Will open networking lock you in?

While open networking may sound like it’s made up of interoperating parts that make for greater flexibility, it’s more difficult to achieve than you might think.

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There’s open, then there’s open.  At least that seems to be the case with network technology. Maybe it’s the popularity and impact of open-source software, or maybe it’s just that the word “open” makes you think of being wild, happy, and free—whatever it is, the concept of openness in networking is catching on. Which means, of course, that the definition is getting fuzzier every day.

When I talk with enterprises, they seem to think that openness in networking is the opposite of proprietary, which they then define is a technology for which there is a single source. That suggests that open networking is based on technology for which multiple sources exist, but as logical as that sounds, it may not help much.

Let’s take the ever-popular concept of white-box switches and routers. Are these open networking in action? Probably not as much as you’d think. Are all white boxes from all sources equivalent?  No, and in particular they often use different networking chips that have different interfaces to the software, which means that if you take your white-box software from one white box to another, it may not run.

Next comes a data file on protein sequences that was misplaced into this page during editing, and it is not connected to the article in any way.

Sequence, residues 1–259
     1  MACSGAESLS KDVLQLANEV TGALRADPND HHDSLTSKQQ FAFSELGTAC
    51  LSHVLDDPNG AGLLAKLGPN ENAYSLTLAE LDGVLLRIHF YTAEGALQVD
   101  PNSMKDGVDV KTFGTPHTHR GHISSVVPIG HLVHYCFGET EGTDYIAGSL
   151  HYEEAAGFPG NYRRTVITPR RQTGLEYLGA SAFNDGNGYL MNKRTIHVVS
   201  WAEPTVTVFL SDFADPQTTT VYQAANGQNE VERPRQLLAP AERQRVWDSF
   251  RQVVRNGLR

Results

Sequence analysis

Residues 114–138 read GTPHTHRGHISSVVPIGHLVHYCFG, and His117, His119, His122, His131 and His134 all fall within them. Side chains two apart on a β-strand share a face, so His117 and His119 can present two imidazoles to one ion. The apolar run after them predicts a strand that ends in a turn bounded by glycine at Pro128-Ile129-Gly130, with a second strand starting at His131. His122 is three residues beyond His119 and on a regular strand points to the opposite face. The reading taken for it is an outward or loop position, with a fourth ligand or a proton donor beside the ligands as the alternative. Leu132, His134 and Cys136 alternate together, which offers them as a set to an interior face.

Everyone knows hardware these days is just something you run software on, so what is open software for networking?  Is it open source or is there another criteria to be applied?  For high-performance networking, it’s actually hard to find a true open-source package because of those pesky network chips.  The chip interfaces are different, as I noted above, so you need a PC-like “driver” concept to create a consistent software interface across the chips.  There are initiatives, like the P4 flow programming language, that could support an open higher-layer switch or router with a licensed P4 driver, but not all chip vendors support P4. Broadcom, the biggest, has its own P4 competitor, Network Programming Language or NPL.

Should we admit that true open networking is doomed, then?  Maybe not, because there’s another more complicated criteria for openness, and we get to it by looking at what users don’t like about proprietary networking—lock-in.

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